“I do not weep at the world—I am too busy sharpening my oyster knife,” said Zora Neale Hurston.
Sip some rosé, have some hors d’oeuvres and shop for books. It helps to have a date to carry your books.
Authors sign books and chat, depending on how long their line is. Competition is fierce under the tent and it can get steamy, with a thousand or so folks. Christie Brinkley, Alec and Hilaria Baldwin and Gwyneth Paltrow are regulars. Celebrity sightings always put the fun in “fundraiser.”
After the reception, things get even more intimate. Authors like Annie Falk (Hamptons Entertaining: Creating Occasions to Remember) and Alex Guarnaschelli (Old-School Comfort Food: The Way I Learned to Cook) host dinner parties at private residences throughout the Hamptons. Tickets are limited and sell out early. There’s always next year!
For now, let’s talk oyster diversity. After years of being over harvested, the bivalve is back on the rise. “Oysters: A Celebration in the Raw” by foodie pioneer Marion Lear Swaybill and restaurateur Jeremy Sewall celebrates the inner and outer beauty of the shellfish with photographs by Scott Snider.
The farmers who made the oyster comeback a possibility are front and center in the book. Sewall, who owns Island Creek Oyster Bar and Row 34 in Boston, has partnered with oyster farmers in Massachusetts and treats the so-called aphrodisiacs (it’s the zinc) as if each were a fine wine, referring to their “merroir.”
As the title suggests, the authors champion their oysters cold and raw. If adding anything, it should be a classic mignonette sauce. Here’s Sewall’s:
½ cup champagne vinegar
½ cup white wine
¼ cup minced shallot
1 teaspoon black pepper
A public house on Broad Street in New York City was the first to serve “Amboys, Jamaicas and Rockaways” in 1763. Today, we have Diamond Jims grown by Ted Bucci in Norfolk, Long Island and Peconic Golds grown by Matt Ketcham in Peconic Bay, Long Island.
Atlantic oysters, Crassostrea virginica, make up 85 percent of harvested oysters in North America. There are only four other species. However, “merroir produces hundreds of varieties that are distinct in taste, texture, and appearance.”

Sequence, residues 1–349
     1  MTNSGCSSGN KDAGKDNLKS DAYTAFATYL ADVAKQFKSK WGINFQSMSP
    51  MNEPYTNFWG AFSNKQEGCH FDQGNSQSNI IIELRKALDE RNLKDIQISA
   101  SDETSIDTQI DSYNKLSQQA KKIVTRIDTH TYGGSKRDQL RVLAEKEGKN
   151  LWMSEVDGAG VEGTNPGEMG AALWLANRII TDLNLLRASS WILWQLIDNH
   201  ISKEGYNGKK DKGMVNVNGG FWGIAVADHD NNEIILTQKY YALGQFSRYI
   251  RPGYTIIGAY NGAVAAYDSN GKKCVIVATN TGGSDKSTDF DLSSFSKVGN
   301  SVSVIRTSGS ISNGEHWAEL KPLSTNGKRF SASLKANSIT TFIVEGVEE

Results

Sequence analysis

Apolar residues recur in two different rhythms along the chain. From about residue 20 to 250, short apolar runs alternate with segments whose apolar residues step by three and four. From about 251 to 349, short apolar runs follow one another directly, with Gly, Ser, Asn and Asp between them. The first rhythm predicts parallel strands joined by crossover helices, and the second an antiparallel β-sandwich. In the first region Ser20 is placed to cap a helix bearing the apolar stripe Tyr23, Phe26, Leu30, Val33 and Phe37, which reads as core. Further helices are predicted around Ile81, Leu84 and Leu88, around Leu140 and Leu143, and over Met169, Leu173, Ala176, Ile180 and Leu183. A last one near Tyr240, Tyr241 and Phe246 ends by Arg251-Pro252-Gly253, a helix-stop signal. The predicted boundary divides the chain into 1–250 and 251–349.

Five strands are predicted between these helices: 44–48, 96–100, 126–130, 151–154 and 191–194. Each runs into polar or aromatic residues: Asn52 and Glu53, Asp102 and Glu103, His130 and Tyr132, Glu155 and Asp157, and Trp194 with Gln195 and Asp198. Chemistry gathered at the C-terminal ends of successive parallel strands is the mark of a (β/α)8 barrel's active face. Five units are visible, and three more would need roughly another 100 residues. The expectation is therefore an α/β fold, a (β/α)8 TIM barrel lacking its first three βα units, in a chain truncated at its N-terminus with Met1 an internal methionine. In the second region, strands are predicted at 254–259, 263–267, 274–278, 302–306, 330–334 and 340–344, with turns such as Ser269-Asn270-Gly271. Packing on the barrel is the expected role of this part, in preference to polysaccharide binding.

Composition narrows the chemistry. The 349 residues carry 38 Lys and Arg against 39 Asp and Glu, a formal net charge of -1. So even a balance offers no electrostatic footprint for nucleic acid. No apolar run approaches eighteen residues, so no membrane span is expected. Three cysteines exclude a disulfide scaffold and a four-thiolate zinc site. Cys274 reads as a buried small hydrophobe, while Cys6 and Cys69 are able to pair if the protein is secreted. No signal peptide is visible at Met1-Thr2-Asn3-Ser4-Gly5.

The Atlantic is saltier than the Pacific for starters. “Different seaweeds produce different notes – fruity, nutty, citrus, mineral, metallic, and vegetal among them.” Flavors are more cucumber-like in British Columbia and more melony in Washington.
Flipping through the handsome pages of “Oysters” makes me want to pull up my waders and join EHSEED, the East Hampton Shellfish Education and Enhancement Directive. I could have my own private stash of oysters, for a little elbow grease.
The program is based on the Cornell Cooperative Extension Suffolk County, Southold Project in Aquaculture Training, or “Spat” on the North Fork. Oyster gardens serve as a spawner sanctuaries, pumping waters with larval shellfish. Members serve as stewards and their gardens help improve the water quality. Each oyster filters up to 50 gallons of water a day.
Each member receives 1,000 oyster seeds, instructions and gear until harvest, for around $250. The EHSEED pilot program in Three Mile Harbor started with 15 individuals or families last year. That number has tripled with more waters approved by the town this summer. Members cannot sell their oysters but they can share and enjoy!
“Oysters” wouldn’t be complete without a chapter on shucking. It is an art that involves practice with certain sharp tools. The size of the knife should coincide with the size of the oyster. Just saying.
East Hampton Library’s Authors Night book signing reception tickets cost $100 and may be purchased at the Library as well as at the event guest entrance at 4 Maidstone Lane East Hampton Village Saturday, August 12th from 5 p.m. to 7:30 p.m.